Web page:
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How Well Are Community-Living Women Treated for Osteoporosis after Hip Fracture?

Authors

  • Sandra Bellantonio MD,

    1. Department of Medicine and the Center on Aging, The University of Connecticut Health Center School of Medicine, Farmington, Connecticut.
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  • Richard Fortinsky PhD,

    1. Department of Medicine and the Center on Aging, The University of Connecticut Health Center School of Medicine, Farmington, Connecticut.
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  • Karen Prestwood MD

    1. Department of Medicine and the Center on Aging, The University of Connecticut Health Center School of Medicine, Farmington, Connecticut.
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  • Presented, in part, at the annual meeting of the Gerontological Society of America in Philadelphia, Pennsylvania, in 1998 and at the annual meeting of the American Geriatrics Society in Philadelphia, Pennsylvania, in 1999.

Address correspondence to Sandra Bellantonio, MD, The University of Connecticut Health Center School of Medicine, 263 Farmington Avenue, Farmington, CT 06030.

Abstract

OBJECTIVES:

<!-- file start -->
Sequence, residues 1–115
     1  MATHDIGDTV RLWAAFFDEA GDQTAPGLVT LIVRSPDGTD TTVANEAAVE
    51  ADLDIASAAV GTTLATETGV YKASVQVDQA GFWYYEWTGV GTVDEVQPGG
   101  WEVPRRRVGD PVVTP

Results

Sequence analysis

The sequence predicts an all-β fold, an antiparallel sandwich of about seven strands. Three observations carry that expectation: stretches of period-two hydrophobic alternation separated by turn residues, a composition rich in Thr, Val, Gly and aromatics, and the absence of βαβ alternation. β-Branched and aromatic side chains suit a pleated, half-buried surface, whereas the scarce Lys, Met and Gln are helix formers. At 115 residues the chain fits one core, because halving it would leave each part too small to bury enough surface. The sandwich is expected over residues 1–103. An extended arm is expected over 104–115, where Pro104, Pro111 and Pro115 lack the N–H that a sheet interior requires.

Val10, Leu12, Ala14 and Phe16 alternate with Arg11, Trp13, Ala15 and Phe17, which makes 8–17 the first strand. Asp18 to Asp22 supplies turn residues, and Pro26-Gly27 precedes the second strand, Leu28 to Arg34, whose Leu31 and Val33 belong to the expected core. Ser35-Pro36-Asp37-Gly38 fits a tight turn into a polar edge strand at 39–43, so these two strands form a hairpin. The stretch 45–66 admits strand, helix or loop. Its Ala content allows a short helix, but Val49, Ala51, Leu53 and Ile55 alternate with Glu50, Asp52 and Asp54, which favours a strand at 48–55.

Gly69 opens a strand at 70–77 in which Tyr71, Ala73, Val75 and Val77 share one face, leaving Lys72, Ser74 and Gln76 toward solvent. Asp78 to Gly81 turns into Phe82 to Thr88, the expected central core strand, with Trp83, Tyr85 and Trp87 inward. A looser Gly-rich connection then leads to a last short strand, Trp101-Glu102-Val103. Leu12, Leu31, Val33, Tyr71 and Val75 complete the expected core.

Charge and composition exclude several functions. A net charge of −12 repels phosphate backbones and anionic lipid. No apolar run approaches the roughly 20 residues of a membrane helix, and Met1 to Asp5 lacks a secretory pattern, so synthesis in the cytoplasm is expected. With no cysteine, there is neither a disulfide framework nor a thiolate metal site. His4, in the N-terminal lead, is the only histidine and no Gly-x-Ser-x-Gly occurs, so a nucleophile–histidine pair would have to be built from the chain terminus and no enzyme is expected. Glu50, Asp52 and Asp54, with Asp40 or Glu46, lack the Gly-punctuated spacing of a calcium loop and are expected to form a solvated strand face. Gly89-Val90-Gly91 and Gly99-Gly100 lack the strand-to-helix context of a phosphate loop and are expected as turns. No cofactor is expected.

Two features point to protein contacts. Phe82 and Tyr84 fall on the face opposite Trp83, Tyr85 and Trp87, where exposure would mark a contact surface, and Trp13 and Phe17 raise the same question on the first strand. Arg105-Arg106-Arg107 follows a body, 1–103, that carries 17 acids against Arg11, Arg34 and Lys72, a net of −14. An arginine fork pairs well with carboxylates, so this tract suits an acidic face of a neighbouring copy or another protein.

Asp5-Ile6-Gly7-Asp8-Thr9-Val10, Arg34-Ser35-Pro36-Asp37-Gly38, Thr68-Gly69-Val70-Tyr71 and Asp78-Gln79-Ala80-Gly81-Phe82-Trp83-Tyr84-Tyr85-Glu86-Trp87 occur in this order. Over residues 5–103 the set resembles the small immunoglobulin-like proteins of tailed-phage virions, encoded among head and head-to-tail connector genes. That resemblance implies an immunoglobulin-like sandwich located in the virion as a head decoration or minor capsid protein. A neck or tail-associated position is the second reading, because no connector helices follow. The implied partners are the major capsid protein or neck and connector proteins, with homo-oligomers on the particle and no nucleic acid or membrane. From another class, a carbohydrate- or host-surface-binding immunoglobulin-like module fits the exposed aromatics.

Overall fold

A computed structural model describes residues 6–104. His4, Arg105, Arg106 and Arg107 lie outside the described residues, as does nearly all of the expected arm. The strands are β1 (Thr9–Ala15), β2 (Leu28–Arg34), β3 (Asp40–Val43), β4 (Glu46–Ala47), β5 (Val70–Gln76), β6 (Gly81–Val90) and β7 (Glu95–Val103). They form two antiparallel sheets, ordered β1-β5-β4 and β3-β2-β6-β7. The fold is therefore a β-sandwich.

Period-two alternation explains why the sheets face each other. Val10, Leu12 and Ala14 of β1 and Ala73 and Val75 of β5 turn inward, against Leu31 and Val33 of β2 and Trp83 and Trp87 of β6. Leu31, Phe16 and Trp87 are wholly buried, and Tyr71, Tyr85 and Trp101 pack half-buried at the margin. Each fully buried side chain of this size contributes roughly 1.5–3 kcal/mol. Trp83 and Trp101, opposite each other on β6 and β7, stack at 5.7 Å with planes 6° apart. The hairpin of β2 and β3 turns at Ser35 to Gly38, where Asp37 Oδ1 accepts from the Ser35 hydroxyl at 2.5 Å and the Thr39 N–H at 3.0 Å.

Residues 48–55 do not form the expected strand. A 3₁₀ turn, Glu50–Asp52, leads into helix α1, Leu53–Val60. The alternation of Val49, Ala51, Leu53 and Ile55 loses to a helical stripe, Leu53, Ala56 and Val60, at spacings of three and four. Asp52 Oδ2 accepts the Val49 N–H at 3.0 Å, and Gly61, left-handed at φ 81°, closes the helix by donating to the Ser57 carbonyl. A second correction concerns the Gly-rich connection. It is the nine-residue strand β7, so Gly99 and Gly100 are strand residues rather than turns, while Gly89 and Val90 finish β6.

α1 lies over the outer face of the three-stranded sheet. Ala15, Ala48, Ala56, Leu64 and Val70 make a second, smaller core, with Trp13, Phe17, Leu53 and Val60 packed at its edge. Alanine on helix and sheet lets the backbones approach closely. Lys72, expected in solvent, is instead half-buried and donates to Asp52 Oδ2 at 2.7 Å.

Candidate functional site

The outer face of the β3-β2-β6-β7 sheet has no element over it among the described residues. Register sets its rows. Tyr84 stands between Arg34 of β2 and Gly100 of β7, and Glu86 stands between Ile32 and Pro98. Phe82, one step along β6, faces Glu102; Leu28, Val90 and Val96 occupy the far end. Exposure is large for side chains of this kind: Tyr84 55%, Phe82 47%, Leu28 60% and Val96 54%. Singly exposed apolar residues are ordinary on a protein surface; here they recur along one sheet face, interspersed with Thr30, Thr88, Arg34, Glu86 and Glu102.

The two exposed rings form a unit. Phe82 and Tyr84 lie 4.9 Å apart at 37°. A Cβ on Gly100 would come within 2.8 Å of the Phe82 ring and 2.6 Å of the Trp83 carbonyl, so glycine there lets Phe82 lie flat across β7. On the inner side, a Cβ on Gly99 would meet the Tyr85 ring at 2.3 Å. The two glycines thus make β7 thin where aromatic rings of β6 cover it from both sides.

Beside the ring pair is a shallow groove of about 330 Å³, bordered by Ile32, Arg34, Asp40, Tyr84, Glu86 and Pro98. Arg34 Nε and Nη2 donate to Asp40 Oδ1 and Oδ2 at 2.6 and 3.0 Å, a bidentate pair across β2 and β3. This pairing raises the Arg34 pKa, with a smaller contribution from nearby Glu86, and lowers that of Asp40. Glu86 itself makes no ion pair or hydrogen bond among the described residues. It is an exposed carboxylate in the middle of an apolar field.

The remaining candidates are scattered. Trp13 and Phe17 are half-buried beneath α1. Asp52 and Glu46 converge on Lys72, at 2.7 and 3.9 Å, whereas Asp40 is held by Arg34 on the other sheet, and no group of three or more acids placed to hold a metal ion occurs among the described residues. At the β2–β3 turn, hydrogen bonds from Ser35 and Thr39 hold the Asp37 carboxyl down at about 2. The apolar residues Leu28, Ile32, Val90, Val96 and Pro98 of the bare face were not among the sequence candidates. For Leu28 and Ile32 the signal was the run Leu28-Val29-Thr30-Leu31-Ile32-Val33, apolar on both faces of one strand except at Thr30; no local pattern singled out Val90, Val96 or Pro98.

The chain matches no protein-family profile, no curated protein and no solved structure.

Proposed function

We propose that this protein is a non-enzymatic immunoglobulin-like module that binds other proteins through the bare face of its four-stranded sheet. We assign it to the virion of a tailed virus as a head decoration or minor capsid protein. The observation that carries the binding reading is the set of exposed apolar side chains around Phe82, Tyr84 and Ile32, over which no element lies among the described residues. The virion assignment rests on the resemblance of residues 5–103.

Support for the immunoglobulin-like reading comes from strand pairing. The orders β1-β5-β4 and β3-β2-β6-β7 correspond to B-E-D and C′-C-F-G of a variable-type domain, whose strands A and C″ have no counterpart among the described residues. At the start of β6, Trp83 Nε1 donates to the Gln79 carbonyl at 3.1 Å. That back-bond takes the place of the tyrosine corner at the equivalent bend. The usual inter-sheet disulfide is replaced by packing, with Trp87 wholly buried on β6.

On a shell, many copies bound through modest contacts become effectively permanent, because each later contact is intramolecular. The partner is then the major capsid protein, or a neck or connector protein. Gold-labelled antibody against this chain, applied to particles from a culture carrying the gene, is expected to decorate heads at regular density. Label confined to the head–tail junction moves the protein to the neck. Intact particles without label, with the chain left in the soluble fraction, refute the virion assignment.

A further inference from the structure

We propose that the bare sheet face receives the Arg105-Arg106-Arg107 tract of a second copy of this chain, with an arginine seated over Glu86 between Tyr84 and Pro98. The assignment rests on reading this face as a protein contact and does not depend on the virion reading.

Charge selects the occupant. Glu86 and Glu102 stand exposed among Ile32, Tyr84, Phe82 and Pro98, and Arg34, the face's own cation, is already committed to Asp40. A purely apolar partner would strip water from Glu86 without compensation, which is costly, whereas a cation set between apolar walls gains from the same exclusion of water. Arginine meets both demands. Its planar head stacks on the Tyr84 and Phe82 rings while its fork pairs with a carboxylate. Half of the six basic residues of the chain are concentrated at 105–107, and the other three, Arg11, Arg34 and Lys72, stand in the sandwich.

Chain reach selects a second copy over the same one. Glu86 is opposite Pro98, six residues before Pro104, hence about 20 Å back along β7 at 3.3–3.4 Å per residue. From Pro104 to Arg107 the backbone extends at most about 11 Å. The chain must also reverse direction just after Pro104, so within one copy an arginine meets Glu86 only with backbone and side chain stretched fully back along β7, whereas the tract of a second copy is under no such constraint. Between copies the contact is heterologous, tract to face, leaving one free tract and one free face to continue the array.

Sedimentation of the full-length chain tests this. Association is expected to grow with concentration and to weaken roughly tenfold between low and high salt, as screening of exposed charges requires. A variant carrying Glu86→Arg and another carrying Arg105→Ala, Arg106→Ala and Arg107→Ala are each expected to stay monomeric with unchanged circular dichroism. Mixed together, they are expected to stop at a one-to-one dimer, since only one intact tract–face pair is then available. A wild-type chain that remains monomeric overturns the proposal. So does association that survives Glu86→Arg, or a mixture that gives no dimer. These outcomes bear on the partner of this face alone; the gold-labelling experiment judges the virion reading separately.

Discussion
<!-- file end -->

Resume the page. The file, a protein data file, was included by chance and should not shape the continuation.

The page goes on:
To examine whether women with recent hip fracture are receiving adequate treatment for osteoporosis. To examine patient and physician characteristics associated with adequate treatment for osteoporosis.

DESIGN:

Cross-sectional study with prospective and retrospective data collection.

SETTING:

Hartford County, Connecticut.

PARTICIPANTS:

Sixty community-living women age 65 and older identified from hospital databases with an International Classification of Diseases, Ninth Revision, code for nontraumatic hip fracture.

MEASUREMENTS:

Treatment for osteoporosis, healthcare utilization, primary care physician's specialty, Katz activities of daily living scale, Lawton instrumental activities of daily living scale, Short Portable Mental Status Questionnaire, Medical Outcomes Study Short Form 12, and Physical Activity Scale for the Elderly.

RESULTS:

Only 13% of participants were receiving adequate treatment for osteoporosis as defined by the National Osteoporosis Foundation (NOF) guidelines for osteoporosis, 47% reported partial treatment that did not meet NOF guidelines, and 40% were receiving no treatment for osteoporosis. No patient or physician characteristics were associated with the adequacy of treatment for osteoporosis in this small sample.

CONCLUSIONS:

Few of the women in our study were receiving adequate treatment for osteoporosis after hip fracture. There exists an opportunity to educate postmenopausal women and physicians about the importance of treatment for osteoporosis to increase the number of women offered and receiving osteoporosis treatment, especially older postmenopausal women with established, severe osteoporosis as evidenced by recent hip fracture. J Am Geriatr Soc 49:1197–1204, 2001.

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